Life&Style writer Kelsey Baxter-Sibley explains the hype surrounding the popular social media app
This article nearly didn’t get written because, you guessed it, I couldn’t drag myself away from TikTok. Although it’s been around since 2017, I only succumbed to the attraction of sub-60 second videos and viral dance challenges in the last couple of weeks. But in that short time, TikTok has easily surpassed all my other social media – Twitter, Instagram, Facebook – to become my preferred form of procrastination. As compliments from a uni student go, that’s high praise.
Like many people, before I downloaded the app I thought I was too old for TikTok, and just did not understand the obsession. It took a friend sending me a few TikToks to get me to look at it myself, but I was almost instantly hooked. But why is it so much better than all the other social networks out there – many of which are older and more established as must-haves for the digital generation? The answer isn’t simple, but there’s a clear combination of factors that make TikTok attractive to teenagers – and increasingly older audiences too.
For one, the short video format is reminiscent of Vine – which shut down around the same time as TikTok launched. Vine was widely loved for its ability to continually produce viral memes, in a video format that hadn’t previously been seen in the text and photo-heavy formats of social media giants Twitter, Facebook and Instagram. TikTok carries Vine’s legacy with the video element, as well as benefiting from an increasing pool of young internet users. As well as this, the general focus on following random pages rather than people you actually know could be a factor in reducing self-consciousness and encouraging the viral dance trends and memes that are symbolic of TikTok, compared to the polished perfection of Instagram.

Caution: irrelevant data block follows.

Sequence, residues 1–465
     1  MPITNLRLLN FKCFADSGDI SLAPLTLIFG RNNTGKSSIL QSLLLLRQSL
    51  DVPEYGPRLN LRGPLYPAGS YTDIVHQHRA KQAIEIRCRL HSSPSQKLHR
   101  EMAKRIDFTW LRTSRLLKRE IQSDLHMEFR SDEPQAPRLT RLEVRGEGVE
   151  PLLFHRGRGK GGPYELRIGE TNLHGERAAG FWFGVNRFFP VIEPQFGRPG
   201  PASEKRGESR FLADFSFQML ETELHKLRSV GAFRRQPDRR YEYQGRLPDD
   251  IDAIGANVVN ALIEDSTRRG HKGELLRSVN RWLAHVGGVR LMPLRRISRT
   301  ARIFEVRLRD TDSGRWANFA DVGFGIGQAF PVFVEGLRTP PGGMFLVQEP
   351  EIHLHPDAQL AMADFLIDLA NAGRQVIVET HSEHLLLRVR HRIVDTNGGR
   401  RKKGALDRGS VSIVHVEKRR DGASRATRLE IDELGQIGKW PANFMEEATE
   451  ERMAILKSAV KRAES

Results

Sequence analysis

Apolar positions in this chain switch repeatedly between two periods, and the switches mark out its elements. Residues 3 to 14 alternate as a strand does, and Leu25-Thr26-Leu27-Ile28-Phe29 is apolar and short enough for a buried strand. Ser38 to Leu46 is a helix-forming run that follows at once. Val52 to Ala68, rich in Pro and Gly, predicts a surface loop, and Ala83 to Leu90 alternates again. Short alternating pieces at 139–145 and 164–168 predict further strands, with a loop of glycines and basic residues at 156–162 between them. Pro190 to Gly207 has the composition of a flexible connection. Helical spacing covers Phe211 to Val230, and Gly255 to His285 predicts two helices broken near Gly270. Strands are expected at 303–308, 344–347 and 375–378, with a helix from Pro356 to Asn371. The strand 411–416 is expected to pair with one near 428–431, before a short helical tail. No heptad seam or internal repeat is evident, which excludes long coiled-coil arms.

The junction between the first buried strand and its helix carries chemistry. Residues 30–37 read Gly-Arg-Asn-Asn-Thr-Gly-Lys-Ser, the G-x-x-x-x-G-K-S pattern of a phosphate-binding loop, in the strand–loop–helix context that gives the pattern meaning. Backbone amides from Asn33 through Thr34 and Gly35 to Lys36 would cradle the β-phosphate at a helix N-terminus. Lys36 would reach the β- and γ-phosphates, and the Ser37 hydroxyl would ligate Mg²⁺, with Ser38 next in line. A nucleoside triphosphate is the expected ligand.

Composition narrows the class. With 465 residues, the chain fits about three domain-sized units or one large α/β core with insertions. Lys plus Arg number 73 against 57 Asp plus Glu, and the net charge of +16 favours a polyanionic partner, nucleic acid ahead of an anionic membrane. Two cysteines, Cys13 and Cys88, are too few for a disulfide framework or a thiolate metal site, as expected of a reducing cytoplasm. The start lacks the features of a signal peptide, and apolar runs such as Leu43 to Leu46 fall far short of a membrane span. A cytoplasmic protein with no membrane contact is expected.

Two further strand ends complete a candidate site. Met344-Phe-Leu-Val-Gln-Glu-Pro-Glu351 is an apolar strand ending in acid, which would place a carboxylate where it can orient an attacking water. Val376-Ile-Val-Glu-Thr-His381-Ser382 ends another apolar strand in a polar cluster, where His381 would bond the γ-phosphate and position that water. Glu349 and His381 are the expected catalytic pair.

At a time when there’s increasing discomfort around Photoshop and the idea of ‘Instagram vs reality’ is gaining traction, the authenticity and undiluted silliness of TikTok is an attractive alternative to the perfectly curated Instagram grid and the pressure that comes with it. Although it does feature sponsored content and ‘influencers’, their content tends to be tailored to the trends that do well on TikTok, and so make influencers – who so often can feel like unreachable celebrities with unattainable lifestyles – seem like ‘one of us’, again giving TikTok a more authentic vibe than Instagram.
Alongside this, the video format builds on what Twitter and Instagram have already established to an extent in terms of a global network – video overcomes language barriers, allowing TikTok to build a truly global community and its users to connect with others all over the world through learning the same dances or miming the same song lyrics. Although there are clear regional communities within TikTok – trends of recreating scenes from Gavin & Stacey are unlikely to go viral outside of the UK, for example – video also allows users to get a glimpse into other cultures and communities in a raw, authentic way that text or image-limited platforms may not be able to match. The ability to share ‘sounds’ with other users also makes it easy for new – or even old – songs to go viral quickly, perhaps exposing users to music they may not have normally listened to and therefore broadening their cultural horizons without even meaning to, which can’t be a bad thing.
Compared to other, more polished social networks, it’s easy to see the appeal of TikTok – (mostly) mindless fun, easy to engage with trends and only a short attention span required, it ticks many of the boxes for procrastination. Add to that its global reach and the growing pushback around perceptions of perfection seen elsewhere on social media, it’s no wonder users are flocking to it.